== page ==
Any fan of film or martial arts will undoubtedly be familiar with Jackie Chan. His affable, smiling face is synonymous with both modern day action and classic kung-fu mayhem. He was the Fearless Hyena. He fought like 30 dudes with a ladder... accidentally. He does all his own stunts, which is something worth being proud of.
You remember that time he beat up the Prince of Sorcerers?
Jackie Chan's Action Kung Fu was developed for Hudson Soft by a firm called Now Production in 1990. Now had previously done some work for Bandai and other companies, notably producing a Splatterhouse parody for the Famicom. They would later go on to develop 2 sequels to the popular Adventure Island NES game for Hudson. Now Production (also known as NowPro) also produced the game Yo! Noid, one of the more unfortunate licensed games late in the NES's history.
Jackie Chan's Action Kung Fu is by far NowPro's best effort of the time period. It was released for the NES and for the PC Engine, known as the TurboGrafx-16 here in the West. Both versions are similar in terms of overall appearance and construction; players will note that the Turbo-Grafx 16's version requires a bit more from them, but also has slightly better production value. The TG-16 game offers a decidedly more arcade-like experience, but then, the TG-16 was a bit more advanced than the NES hardware-wise.
Box art for the TG-16 (left) and NES versions.
In either game, you play the role of Chan himself, reigning undisputed kung-fu champion along with your sister Josephine. The story begins when some jerk calling himself the Prince of Sorcerers (who looks oddly like a wing chun style Dracula) zaps you silly and takes off with Josephine. Your quest will lead you through many obstacles and to the Prince's fortress, where you must put a stop to his wicked reign and free your sister.
Luckily, Jackie isn't the kung fu champ for nothing. He's both a prodigious leaper and a skillful combatant, whose normal array of punches and kicks can be supplemented with powerups. These grant limited uses of special moves, usually whirlwind-style kicks or some other acrobatic maneuver. Jackie can also charge up energy in his fist for use as a projectile, not unlike Ryu or Ken from Street Fighter II. Jackie can do it more easily, though; all you have to do is hold the attack button down for a second or two.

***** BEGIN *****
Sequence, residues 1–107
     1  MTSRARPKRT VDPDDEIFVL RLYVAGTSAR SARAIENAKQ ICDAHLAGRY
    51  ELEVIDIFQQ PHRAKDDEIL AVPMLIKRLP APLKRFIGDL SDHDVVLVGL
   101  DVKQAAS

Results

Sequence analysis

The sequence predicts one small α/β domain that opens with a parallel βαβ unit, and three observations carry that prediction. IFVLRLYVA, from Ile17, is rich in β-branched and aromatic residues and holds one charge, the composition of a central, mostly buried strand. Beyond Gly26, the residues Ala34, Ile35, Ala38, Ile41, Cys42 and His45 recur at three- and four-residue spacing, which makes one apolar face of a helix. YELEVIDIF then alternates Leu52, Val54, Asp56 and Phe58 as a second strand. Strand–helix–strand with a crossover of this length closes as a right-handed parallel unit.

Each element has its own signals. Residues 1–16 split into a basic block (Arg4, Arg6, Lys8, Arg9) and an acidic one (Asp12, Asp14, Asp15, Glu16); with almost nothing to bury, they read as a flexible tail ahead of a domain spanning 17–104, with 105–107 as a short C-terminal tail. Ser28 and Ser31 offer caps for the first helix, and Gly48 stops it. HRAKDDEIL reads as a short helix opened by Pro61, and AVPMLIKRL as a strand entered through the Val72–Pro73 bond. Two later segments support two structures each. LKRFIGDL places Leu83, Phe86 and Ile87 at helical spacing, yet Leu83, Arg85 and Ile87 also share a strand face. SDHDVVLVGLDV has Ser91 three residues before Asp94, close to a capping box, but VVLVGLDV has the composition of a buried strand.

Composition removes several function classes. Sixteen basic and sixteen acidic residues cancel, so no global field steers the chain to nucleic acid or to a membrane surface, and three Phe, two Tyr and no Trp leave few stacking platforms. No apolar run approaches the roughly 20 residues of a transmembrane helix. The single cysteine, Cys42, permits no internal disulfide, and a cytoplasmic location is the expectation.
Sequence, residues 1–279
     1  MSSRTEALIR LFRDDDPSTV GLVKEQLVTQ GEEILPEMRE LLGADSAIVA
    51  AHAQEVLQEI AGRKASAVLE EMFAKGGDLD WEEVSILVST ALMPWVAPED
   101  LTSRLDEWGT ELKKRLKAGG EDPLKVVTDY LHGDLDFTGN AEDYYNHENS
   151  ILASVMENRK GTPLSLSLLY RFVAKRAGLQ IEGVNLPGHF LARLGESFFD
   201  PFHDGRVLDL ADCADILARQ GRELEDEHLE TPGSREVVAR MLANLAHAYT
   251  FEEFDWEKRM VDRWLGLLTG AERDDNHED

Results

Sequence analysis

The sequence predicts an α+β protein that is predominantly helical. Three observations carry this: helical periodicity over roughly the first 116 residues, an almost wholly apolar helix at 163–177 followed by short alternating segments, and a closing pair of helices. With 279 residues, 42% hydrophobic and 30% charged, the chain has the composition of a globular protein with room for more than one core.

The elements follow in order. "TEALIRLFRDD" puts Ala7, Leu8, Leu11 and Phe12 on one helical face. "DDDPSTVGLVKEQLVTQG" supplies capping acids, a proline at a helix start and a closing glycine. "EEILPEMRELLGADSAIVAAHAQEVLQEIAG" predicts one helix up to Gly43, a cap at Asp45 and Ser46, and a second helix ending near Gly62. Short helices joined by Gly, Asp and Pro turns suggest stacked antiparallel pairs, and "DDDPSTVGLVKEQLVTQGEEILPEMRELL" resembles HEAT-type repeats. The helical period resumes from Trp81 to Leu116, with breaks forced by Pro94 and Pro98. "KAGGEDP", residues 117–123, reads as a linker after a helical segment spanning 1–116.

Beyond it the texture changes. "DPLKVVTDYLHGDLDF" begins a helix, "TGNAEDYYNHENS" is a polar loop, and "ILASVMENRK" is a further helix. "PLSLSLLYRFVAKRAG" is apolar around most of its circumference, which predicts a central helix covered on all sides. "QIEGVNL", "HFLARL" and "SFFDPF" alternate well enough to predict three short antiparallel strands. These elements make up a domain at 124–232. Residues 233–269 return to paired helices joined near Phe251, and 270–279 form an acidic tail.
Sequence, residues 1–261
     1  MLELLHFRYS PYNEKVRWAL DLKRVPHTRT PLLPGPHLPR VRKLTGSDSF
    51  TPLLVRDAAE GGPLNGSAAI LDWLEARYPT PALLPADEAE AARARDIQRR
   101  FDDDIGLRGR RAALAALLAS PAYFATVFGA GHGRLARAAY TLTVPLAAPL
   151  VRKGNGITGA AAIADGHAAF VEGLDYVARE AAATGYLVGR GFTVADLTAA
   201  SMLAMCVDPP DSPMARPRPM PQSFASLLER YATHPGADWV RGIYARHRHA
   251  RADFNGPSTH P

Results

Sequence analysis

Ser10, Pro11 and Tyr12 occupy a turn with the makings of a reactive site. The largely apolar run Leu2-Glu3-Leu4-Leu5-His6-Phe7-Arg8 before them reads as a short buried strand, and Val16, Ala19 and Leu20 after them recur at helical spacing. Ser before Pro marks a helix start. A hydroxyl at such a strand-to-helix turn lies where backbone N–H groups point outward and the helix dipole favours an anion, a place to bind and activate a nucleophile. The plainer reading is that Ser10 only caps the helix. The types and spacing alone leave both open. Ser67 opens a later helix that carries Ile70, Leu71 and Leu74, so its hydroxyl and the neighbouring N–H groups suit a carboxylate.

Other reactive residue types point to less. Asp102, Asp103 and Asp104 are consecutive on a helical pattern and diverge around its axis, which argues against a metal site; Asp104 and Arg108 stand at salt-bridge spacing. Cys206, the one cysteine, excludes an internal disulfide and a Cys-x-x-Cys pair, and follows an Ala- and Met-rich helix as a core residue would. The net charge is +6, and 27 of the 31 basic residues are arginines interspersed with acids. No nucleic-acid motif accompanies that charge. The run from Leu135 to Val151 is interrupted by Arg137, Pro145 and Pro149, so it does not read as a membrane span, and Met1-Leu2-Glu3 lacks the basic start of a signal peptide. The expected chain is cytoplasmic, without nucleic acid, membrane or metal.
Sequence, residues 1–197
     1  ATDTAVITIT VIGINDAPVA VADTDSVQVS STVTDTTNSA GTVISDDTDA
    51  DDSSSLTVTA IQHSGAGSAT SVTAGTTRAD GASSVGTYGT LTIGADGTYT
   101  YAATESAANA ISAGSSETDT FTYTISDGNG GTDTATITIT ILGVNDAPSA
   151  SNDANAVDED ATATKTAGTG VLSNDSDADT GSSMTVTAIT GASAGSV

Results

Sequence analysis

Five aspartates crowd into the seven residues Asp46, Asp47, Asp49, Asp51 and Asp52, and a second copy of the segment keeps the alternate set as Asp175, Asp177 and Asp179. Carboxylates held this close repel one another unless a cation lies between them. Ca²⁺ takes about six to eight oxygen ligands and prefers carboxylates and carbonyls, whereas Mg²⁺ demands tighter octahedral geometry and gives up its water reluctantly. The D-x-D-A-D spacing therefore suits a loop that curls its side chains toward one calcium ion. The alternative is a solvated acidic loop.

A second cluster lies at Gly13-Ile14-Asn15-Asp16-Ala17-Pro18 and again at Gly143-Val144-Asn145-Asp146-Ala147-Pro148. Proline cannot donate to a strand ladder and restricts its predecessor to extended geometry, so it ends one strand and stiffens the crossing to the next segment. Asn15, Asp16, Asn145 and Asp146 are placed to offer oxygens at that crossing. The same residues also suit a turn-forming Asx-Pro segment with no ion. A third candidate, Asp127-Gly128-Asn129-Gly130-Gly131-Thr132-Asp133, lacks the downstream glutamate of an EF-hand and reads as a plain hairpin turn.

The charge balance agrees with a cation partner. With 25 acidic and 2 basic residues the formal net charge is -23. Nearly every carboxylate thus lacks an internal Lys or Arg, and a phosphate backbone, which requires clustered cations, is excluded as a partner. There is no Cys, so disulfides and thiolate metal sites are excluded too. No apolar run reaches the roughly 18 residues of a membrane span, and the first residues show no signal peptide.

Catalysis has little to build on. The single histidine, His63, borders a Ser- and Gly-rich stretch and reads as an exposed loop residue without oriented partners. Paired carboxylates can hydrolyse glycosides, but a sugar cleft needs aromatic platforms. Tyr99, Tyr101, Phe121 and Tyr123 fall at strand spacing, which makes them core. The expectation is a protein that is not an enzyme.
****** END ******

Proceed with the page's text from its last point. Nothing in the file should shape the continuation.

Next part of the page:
Below are some of the scenes of mayhem one can expect when entering the mythical world of Jackie Chan's digital adventure.
Did I mention you get the powerups, as well as rice bowls to refill health, by beating the shit out of cute little frogs?
Despite your wanton cruelty to animals yielding such bounty, the way ahead is still thick with danger. There are five levels in total, although the later levels get quite long. The latter half of each is a sort of fortress or shrine, which contains a boss. Some of the lesser enemies include evil warriors and monks, dragons made of lava, little creatures that hide under massive bowls and throw darts at you, and an assortment of bats, rats, and snakes. The challenge isn't too over the top, but it's appreciable; it bears mentioning that you are straight-up fighting wild tigers in the first level.
Jackie Chan's Action Kung Fu was fairly well-received by critics of the time, but both versions received higher scores from modern critics looking back. The graphics are obviously nicer on the TG-16, but even the NES cart has good visuals and a great cartoony look. The music for both versions is about the same, and while it's far from classic, it's catchy. I couldn't find a complete rip of the slightly better TG-16 soundtrack to link here, but the NES version's pretty good for 8 bit.
I give Jackie Chan's Action Kung Fu 8 out of 10. It's a lot of fun to bounce around and throw moves like a kung fu superstar, and the game is very well thought-out. It was perhaps underrated in 1990, but still holds up well as a fun action title.